Why was the housing bubble so much worse in Las Vegas?

There is an interesting new Justin Lahart piece, here is one bit from it:

The way Princeton’s Zhenyu Gao sees it, the problem in Las Vegas was that while land was available, constraints were high enough that it took time for homes to get put up — the data on land constraints matches up well with a separate data set on how long it takes to complete the review and approval of residential projects. As a result, it took time for the supply of housing to meet demand.

But investors didn’t appreciate the fact that more supply was eventually going to arrive, and rushed in. Indeed, Mr. Gao shows that areas of the country like Las Vegas fell into a sweet spot, with more investment home purchases than both more land-constrained and less land-constrained areas. Of course, by pushing prices higher the investors invited even more development, and an eventual oversupply of homes that made the bust all the more painful.

I would put it this way: space to build plenty more, and enough slowness in the building process to get over-committed before seeing the supply-side decisions of other investors.  The original research is here (pdf).


Why is gambling so much worse in Vegas? Don't have a clue.

Don't you mean so much better?

Better for who?

Coastal Floridian here. The land constraint model makes sense based on local observation. The worse affected homes were the McMansion housing developments built 5-20 miles inland. They ran up quick following the trend of water-front housing, and supply was constrained due to local zoning and approval (unlike Texas). Homes on or near the water appreciated more during the boom, but fell much less and recovered quicker.

South Florida (where I resided 2006-2008) is squeezed between the ocean and the Everglades, so there's very little room to expand except at the northern end. To some extent the area started tearing down derelict structures or new housing though old wrecks and vacant lots were not always in the most desirable areas.

What are the future prospects for Las Vegas real estate? Are we at the bottom of a downturn, so it's the time to buy? Or, does the glut mean that prices are depressed for the long-term foreseeable future? I've been thinking about where I should live, and Las Vegas is on the list.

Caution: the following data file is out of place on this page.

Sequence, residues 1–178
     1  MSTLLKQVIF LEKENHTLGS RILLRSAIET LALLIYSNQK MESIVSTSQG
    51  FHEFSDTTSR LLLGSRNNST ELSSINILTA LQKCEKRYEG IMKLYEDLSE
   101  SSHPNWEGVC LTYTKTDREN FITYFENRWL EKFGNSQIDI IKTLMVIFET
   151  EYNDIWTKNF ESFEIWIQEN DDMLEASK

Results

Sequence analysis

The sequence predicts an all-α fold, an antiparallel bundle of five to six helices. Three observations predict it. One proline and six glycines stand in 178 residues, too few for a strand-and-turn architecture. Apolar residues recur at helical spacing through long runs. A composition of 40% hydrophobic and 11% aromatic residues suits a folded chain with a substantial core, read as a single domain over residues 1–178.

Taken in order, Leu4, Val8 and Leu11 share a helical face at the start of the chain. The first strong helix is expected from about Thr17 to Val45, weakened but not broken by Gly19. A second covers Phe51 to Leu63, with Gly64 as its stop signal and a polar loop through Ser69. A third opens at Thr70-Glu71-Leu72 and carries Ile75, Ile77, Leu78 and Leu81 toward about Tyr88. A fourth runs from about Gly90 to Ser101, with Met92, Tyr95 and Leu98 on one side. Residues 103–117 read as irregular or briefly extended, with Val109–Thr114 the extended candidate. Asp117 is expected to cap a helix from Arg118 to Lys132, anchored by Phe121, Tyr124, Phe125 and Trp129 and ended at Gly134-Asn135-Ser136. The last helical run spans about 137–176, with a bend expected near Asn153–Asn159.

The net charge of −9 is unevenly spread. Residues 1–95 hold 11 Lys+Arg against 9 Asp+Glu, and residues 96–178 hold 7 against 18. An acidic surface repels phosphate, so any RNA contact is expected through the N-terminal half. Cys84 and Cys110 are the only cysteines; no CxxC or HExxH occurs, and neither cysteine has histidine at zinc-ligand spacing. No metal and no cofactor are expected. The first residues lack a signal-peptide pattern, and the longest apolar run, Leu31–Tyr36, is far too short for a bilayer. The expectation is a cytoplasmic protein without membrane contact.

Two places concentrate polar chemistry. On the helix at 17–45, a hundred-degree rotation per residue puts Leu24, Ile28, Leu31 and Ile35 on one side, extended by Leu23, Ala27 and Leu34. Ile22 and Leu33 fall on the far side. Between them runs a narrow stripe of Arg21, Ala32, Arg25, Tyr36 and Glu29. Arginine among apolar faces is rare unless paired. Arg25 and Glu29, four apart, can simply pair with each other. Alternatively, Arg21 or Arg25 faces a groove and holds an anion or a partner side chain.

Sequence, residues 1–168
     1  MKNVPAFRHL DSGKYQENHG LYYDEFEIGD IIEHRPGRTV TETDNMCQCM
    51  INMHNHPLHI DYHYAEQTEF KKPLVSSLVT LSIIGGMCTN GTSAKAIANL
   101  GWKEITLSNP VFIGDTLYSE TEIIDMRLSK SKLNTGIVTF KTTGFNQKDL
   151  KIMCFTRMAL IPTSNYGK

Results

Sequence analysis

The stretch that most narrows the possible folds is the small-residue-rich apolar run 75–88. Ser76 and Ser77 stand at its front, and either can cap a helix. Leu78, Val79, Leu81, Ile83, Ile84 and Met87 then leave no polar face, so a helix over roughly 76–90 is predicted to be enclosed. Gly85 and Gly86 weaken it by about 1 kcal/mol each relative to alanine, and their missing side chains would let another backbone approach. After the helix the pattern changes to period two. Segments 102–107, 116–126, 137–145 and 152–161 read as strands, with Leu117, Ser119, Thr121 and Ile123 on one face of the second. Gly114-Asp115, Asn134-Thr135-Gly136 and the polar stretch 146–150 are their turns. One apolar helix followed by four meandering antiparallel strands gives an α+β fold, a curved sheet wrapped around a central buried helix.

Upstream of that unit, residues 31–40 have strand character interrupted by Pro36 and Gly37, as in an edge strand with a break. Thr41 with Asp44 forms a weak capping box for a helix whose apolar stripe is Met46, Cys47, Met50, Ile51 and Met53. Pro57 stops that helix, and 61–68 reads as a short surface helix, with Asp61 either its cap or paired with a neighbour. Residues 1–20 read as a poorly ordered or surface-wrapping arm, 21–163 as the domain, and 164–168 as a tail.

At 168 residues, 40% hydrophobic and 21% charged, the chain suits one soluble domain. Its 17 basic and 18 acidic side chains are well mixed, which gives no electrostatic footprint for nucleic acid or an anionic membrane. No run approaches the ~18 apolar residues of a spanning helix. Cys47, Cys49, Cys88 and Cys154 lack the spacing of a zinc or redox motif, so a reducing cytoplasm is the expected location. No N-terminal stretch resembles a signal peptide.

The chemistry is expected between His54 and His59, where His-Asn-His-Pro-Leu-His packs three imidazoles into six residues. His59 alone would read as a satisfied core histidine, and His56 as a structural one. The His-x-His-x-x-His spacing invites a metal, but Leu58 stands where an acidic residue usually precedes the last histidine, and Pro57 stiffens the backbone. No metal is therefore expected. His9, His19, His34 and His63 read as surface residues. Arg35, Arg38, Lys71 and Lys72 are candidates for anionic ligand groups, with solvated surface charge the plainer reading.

The bottom is already past.

I considered buying a rental property in Las Vegas in 2011. I chose Denver instead despite the fact that rental cash yields were much higher in Las Vegas.

I did so because I think Las Vegas will become an urban wasteland like Detroit. Twenty years ago a Las Vegas casino was a hugely profitable endeavor. Casinos were able to generate a dollar of revenue for each dollar. Operating margins were 13-15% so return on assets were 13-15%. Returns on assets averaged 13-15%. These profits encouraged lots of new competition. To differentiate themselves new entrants built hotels built bigger rooms. fountains, convention centers and other amenities. Casinos now generate about 30 cents of revenue on invested capital. Destination casinos now lose lots of money.

Competition outside Las Vegas has also increased with the increased legalization of gambling. The heavy gambler appears to be going to casinos closer to home as average gaming loses per visitor have declined by about a third. When investors can to earn their cost of capital back then investment stops. Supply declines until prices can increase enough to restore an industry to profitability.

I think Las Vegas is 25% overbuilt today, As this capacity disappears jobs will disappear and demand for housing will decrease. In addition the number of gaming tables and slot machines declines by about three percent a year which will further impact employment and housing market demand.

The Vegas housing bubble sounds a lot like the comic book bubble.

Yes, that's what I pointed out in 2008:

California vs. Texas
September 30, 2008